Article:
Sunday, October 31, 2010


What could be better for an indoor arrangement, in the fall, than dried seed heads. In this wooden vase I have poppy, garlic chives, nigella(love-in-a-mist) miscanthus, celosia, various grasses and a new addition this year. The dried seed heads of honesty, Lunaria annua. Some know this plant as money plant. It was always in the cottage gardens of England and my grandmother had the dried seed heads in a vase in her hallway.

At a recent Austin garden bloggers' plant and seed swap, Diana, Sharing Nature's Garden, was sharing seeds sent to her from a garden in the northern USA.

The seed heads look rather brown and dirty until you pull away the paper coating to reveal the beautiful silvery money. The seeds lie between the two layers. I plan to sow some of the seeds in the spring but as this plant is a biennial I will have to wait another year for my windfall. That is unless the plant behaves like some other biennials I have grown and flowers the first year.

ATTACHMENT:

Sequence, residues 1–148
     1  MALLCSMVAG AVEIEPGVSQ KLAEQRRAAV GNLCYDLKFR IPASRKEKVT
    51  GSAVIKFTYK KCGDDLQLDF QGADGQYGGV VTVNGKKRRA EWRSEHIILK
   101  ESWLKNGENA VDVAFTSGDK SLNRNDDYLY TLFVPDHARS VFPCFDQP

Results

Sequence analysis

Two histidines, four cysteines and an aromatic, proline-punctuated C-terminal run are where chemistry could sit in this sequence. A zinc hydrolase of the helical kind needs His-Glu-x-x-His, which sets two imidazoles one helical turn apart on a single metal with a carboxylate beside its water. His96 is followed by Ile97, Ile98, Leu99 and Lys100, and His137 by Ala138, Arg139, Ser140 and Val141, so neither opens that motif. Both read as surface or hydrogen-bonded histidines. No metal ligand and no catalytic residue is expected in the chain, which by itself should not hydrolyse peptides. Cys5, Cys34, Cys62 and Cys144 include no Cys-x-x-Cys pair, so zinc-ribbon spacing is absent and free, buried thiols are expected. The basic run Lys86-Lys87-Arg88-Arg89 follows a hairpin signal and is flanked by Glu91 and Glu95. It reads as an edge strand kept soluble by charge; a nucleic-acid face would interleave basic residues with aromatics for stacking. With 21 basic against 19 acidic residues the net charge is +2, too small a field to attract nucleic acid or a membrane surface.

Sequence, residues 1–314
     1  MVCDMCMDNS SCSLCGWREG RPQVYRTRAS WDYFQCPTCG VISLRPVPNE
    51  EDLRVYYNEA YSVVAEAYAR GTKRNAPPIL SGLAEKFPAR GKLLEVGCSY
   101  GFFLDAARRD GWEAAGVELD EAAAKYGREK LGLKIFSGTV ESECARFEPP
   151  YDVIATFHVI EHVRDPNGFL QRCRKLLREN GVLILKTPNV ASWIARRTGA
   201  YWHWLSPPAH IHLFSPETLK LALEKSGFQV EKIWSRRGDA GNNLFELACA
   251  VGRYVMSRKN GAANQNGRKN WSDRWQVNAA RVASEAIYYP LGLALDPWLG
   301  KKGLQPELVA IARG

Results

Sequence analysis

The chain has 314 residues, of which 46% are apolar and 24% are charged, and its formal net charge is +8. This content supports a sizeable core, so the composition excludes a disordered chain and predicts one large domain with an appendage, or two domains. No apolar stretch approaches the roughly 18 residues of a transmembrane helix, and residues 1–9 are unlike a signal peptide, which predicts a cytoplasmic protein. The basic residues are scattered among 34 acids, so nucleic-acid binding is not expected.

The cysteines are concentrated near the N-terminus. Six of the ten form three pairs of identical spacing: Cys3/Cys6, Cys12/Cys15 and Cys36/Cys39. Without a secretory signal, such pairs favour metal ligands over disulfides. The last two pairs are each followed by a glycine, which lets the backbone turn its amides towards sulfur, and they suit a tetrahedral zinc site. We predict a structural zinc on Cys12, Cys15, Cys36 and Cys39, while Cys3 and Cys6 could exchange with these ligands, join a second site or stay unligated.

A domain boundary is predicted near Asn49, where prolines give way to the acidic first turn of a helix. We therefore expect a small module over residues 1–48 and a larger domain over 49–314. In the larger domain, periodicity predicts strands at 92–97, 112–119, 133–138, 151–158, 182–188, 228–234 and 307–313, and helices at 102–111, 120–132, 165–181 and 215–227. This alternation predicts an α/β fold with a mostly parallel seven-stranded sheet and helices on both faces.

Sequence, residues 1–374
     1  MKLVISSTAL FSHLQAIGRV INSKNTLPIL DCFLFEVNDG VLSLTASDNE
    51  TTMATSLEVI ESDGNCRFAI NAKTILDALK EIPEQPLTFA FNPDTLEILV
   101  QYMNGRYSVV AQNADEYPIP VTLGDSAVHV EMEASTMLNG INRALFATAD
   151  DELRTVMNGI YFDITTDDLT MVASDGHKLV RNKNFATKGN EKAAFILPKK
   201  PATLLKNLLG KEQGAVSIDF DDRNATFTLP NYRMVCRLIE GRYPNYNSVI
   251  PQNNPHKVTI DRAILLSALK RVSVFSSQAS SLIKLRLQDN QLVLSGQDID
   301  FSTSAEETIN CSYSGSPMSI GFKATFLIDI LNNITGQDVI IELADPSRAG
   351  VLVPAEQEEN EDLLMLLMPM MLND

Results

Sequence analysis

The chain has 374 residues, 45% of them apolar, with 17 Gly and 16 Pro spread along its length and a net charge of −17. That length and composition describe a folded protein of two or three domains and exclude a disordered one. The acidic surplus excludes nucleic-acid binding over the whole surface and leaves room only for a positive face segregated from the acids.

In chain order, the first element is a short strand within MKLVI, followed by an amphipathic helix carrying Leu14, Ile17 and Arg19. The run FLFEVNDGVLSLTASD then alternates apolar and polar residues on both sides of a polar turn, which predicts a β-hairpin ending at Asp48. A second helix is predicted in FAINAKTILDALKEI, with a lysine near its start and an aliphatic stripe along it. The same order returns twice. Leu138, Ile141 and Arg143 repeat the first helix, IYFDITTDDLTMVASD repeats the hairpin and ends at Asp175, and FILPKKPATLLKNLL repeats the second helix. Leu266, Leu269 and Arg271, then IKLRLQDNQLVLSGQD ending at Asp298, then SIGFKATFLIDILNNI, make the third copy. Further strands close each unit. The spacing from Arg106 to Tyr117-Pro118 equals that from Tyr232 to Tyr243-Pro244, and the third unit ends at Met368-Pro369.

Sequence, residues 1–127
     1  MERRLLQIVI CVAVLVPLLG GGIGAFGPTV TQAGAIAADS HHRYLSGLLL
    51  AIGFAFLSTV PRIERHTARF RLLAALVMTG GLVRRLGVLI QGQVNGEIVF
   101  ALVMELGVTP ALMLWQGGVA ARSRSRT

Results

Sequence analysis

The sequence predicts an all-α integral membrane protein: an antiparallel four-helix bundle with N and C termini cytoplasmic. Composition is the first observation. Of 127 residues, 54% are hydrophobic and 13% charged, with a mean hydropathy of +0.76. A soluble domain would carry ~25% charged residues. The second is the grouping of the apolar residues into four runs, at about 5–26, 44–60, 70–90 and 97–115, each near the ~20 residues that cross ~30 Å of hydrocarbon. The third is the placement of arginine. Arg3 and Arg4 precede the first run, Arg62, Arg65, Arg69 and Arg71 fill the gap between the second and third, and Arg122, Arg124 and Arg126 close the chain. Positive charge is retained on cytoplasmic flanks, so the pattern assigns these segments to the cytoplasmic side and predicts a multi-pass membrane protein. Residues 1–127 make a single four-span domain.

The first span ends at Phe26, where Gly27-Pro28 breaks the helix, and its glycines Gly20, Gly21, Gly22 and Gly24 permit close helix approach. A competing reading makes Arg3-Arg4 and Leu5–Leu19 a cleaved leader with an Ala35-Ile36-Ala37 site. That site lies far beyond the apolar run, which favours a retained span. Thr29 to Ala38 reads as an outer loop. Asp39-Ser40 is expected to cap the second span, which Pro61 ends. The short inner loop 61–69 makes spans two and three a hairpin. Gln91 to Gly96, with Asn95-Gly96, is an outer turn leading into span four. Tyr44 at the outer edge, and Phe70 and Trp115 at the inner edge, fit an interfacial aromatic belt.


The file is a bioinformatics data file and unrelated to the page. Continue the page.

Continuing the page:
Friday, October 29, 2010


This is not the only plant to surprise us with an unusual bloom time. The mock orange, Philadelphus coranarius 'Natchez' is blooming for the second time.

Not just one or two blooms but many, with more buds opening every day. Are these next years flowers come early? I certainly hope not.

Tuesday, October 26, 2010


Once in a while I do something completely out of character. Pull things out or rather give permission for someone to pull things out or cut things back.

We haven't been able to look through the archway, into the English garden, with an uninterrupted view, for years. The problem has been the pomegranate tree. Our lovely, fruitful pomegranate tree, with its yearly abundant harvest. But all was not well.